These Nigerian Puff Puff donuts are a great African dessert and snack you can serve with a cup of coffee or tea.
When I first read about African donuts, I knew I had to try out these Nigerian favorites.
Scented with ginger and nutmeg, these fried doughnuts are the perfect ending to any African meal.
So why are they called Puff Puffs?
These Puff Puff donuts get their name from the puffiness of the dough. And as you can see, these donuts pack a punch of puffiness!
You can just see the bits of air in each individual donut. So chewy!
The trick with making these donuts is in the dough, and most notably, the way you drop the dough in the oil.
First, you’ll start out making a very loose yeast dough, almost like a pancake batter. This dough has to sit to give the yeast time to multiply and rise, which produces little air bubbles.
Once the dough has doubled in size, heat up a heavy saucepan with about 3 inches of canola oil and heat to about 350 degrees. You can either use a thermometer or drop a tiny piece of dough into the oil. If it bubbles immediately you are ready to go!
To make the characteristic spherical shape of the puff puff, take the dough in your hand and press it through your thumb and index finger, squeezing out the dough.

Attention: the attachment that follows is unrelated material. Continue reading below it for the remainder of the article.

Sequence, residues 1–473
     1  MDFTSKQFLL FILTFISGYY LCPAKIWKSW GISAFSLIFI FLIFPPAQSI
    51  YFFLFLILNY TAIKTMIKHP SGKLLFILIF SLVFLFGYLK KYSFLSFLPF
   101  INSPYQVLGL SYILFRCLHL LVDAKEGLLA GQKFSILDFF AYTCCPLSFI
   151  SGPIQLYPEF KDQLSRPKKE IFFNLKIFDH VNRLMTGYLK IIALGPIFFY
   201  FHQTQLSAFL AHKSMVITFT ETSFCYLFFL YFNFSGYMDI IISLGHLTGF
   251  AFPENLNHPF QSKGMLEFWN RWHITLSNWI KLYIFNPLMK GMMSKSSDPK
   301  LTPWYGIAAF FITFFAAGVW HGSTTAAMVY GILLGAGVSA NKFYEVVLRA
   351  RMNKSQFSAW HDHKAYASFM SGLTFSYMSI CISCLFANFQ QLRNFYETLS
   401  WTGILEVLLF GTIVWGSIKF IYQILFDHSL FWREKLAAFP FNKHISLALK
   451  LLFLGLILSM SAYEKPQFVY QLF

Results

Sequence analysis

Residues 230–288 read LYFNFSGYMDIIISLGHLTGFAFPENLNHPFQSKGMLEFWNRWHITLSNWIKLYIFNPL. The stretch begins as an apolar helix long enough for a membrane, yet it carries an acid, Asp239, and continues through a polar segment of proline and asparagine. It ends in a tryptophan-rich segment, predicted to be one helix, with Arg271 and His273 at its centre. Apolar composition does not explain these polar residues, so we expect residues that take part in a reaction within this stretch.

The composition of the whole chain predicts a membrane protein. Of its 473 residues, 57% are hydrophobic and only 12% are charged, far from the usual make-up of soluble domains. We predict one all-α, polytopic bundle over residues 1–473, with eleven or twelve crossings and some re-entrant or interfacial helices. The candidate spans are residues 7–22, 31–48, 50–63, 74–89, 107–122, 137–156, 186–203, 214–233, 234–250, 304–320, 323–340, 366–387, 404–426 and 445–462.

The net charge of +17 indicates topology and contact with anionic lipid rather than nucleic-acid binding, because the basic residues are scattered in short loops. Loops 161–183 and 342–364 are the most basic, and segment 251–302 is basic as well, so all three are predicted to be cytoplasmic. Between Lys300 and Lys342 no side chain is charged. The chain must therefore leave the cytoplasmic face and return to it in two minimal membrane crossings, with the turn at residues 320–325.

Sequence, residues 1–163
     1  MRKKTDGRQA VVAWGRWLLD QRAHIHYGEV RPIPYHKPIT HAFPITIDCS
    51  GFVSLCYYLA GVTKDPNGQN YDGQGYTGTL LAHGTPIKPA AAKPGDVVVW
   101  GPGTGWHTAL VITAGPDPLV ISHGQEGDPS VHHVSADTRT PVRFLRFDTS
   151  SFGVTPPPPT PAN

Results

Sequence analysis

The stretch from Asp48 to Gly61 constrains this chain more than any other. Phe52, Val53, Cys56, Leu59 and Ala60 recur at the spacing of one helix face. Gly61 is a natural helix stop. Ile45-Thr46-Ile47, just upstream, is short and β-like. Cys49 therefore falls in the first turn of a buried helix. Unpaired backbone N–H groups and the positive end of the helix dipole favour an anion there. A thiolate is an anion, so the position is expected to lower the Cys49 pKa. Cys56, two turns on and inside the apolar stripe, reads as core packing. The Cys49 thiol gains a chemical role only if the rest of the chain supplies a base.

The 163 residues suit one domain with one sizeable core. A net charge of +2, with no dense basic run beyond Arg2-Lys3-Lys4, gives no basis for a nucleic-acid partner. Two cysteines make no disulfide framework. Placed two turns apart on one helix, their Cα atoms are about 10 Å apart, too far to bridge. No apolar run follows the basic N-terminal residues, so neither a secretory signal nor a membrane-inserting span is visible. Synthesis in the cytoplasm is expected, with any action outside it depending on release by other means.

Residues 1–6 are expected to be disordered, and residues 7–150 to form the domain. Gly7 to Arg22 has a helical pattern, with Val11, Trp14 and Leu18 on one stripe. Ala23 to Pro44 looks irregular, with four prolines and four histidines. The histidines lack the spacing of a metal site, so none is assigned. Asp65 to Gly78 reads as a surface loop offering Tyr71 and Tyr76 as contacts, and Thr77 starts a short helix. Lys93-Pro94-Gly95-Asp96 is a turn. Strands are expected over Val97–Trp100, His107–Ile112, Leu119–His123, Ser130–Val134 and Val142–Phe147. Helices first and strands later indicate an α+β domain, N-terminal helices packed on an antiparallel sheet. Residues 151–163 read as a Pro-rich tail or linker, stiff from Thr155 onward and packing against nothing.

Once the puff puffs are cooked through and nice and golden, drain the donuts on a wire rack. If you would like you can even sprinkle these donuts with a bit of cinnamon sugar– but I enjoy these just the way they are.
These puff puff donuts make a great ending to an African meal.
Try serving it with this Kenyan Kachumbari,
Or even as a sweet side to this Malian Peanut Butter Stew.
Nigerian Puff Puff Donuts
These African donuts are filled with ginger and nutmeg.
- 1 cup lukewarm water about 105F
- 1 pkg Quick-Rise Yeast about 2 1/2 tsp
- 2 cups flour
- 1/2 tsp nutmeg
- 1/2 tsp ginger
- 1/4 cup sugar
- 1/2 tsp salt
- canola oil for frying
In small bowl combine water and yeast and proof until bubbly and frothy, about 10 minutes.
Meanwhile in medium-sized bowl mix together flour, nutmeg, ginger, sugar, and salt. Add yeast mixture and stir until a loose dough forms. Cover with plastic wrap and let sit until doubled in size, about 30 minutes.
Once the dough has doubled, heat a heavy-bottomed pot with enough oil to come up about 3 inches. Heat until 350 degrees or until a bit of dough added bubbles immediately.
Scoop out dough with your hand and making an "OK" sign with your thumb and forefinger, squeeze dough into oil to make spheres. Cook until golden brown, about 6 minutes.
Drain on a wire rack until cool.